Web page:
I once watched with curiosity as my friend stopped to talk to a homeless woman in my neighborhood and extended ways in which she could personally help her. I had no idea what made her capable of doing this, and chalked it up to just not being my thing. I know lots of extroverts, those people who make conversation with everybody. They chat with the cashier while grocery shopping, they talk to the other moms at the park, they say, â€˜Hey, that looks cute on you,â€™ to the fellow shopper at the mall. I once knew a gal whose husband teased her that sheâ€™d talk to a light pole if no one else was around.
This is not naturally me. In fact, this is the opposite of me. It is the anti-me. And for the longest time it was the so-not-going-to-EVER-be-me me. But lately Iâ€™ve been trying to not use this as an excuse to avoid the people Jesus puts in front of me.
Go here to read the full essay.
I worked on this essay for weeks, and finally posted the fourth or fifth draft. It’s such a rewarding experience to see something kind of good work its way into something (dare I say) excellent. It has also been beneficial in getting over my aversion to drafting. Just when I think something is great, I let it sit for awhile, and don’t even read it. Then I come back to it a week later with fresh eyes, and a new phrase pops into my head that fits perfectly between paragraphs three and four to tie it all together.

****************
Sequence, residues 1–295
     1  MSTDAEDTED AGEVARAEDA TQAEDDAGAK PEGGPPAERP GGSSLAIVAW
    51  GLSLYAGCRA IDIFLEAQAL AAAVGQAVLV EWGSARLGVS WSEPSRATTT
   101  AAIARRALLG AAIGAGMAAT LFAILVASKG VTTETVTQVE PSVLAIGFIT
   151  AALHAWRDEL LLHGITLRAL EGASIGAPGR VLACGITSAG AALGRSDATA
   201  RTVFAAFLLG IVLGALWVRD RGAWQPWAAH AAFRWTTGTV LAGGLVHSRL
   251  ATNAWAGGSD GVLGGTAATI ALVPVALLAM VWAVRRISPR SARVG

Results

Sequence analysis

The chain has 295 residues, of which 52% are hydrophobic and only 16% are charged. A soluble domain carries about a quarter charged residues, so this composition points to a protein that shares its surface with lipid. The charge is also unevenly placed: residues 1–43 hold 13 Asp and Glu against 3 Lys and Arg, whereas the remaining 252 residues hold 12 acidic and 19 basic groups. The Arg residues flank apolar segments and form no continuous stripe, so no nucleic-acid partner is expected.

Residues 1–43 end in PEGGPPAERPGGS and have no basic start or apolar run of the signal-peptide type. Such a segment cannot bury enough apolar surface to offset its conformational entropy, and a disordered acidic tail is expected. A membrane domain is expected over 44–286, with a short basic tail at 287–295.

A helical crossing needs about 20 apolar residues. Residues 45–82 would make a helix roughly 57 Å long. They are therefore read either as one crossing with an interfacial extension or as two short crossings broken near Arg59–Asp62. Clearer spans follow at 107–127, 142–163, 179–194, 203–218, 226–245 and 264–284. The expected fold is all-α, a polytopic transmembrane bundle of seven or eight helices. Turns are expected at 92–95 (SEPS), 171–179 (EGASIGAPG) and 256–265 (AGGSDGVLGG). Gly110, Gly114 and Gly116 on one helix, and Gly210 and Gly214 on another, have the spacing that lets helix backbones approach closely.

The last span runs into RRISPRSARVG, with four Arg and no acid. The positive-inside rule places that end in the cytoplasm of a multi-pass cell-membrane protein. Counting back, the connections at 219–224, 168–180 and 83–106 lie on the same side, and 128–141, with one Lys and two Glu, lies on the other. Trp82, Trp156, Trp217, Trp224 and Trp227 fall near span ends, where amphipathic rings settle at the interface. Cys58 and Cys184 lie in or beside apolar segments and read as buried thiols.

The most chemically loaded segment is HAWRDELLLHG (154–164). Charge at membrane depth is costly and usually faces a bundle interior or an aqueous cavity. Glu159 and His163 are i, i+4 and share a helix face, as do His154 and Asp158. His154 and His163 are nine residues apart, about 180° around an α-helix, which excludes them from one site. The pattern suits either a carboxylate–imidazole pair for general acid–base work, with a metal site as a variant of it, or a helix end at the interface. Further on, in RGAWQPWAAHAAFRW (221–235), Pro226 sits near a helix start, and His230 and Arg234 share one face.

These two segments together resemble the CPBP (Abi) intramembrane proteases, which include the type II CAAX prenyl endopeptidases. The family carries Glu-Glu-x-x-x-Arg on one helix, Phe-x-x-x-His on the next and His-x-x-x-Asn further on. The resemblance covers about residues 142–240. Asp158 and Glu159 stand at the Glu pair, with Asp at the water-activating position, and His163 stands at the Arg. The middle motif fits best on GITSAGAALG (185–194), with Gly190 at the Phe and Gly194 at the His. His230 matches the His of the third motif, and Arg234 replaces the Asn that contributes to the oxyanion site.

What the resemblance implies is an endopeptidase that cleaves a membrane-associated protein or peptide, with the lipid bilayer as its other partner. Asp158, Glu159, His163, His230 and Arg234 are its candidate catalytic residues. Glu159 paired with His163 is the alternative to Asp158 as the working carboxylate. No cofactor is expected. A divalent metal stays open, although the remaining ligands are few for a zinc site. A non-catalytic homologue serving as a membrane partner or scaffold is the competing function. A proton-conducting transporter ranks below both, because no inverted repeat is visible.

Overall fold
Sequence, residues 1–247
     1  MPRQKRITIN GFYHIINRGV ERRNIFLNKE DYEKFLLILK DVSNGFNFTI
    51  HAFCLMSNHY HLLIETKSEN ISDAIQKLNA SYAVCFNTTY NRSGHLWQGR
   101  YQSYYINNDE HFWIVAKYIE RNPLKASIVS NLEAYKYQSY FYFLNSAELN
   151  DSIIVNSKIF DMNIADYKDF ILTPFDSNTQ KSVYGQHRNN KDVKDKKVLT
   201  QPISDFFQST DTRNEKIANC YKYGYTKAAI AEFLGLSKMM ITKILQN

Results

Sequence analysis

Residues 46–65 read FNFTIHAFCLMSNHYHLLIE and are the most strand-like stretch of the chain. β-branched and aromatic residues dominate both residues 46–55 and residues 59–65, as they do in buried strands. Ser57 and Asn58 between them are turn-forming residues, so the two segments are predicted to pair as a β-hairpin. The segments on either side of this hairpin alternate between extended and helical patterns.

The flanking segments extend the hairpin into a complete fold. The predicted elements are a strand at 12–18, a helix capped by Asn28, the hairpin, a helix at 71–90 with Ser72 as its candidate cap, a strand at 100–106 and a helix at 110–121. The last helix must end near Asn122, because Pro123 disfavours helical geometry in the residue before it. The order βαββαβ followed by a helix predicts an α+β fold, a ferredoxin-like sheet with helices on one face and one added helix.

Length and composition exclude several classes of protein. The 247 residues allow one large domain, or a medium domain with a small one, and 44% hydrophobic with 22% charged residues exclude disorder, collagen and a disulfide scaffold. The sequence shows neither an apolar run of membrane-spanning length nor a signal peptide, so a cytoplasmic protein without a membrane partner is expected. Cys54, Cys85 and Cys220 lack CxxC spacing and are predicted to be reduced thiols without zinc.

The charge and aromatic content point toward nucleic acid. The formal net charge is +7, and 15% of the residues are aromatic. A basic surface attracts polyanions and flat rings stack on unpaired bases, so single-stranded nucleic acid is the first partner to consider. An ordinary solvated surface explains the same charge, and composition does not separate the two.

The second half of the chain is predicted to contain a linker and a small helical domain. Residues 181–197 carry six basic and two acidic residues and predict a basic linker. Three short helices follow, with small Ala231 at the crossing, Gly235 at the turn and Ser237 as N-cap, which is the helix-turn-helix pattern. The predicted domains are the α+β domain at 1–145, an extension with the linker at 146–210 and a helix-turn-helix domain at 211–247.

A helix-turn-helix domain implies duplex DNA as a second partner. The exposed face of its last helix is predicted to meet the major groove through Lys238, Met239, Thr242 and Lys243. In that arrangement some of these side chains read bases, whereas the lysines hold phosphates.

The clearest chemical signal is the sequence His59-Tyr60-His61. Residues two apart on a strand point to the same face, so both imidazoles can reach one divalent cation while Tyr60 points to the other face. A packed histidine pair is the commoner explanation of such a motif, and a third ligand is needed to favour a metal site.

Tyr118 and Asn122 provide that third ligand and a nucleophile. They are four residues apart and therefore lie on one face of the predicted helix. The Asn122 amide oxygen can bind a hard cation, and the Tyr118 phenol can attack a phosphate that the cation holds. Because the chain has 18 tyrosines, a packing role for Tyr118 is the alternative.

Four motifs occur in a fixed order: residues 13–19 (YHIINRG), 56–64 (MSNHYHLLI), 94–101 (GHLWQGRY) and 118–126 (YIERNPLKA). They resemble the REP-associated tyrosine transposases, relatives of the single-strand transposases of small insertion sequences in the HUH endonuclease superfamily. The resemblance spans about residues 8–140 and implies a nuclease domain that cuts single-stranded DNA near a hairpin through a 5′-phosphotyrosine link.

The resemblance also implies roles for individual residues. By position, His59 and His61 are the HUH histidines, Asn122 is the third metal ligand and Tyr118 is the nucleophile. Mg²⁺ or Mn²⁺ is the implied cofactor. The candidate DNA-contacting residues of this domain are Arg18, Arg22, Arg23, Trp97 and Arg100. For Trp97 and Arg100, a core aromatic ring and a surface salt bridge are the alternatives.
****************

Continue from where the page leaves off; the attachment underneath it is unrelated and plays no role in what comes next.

It can be a maddening experience though, and I’m beginning to see why writers and artists are so eccentric. We spend so much time in our own thoughts, distracted over an undone work of art, that the Right Here and Now gets a little lost. Please warn me if I start looking a little disheveled and mumble to myself while quietly rocking with pen and pad in hand.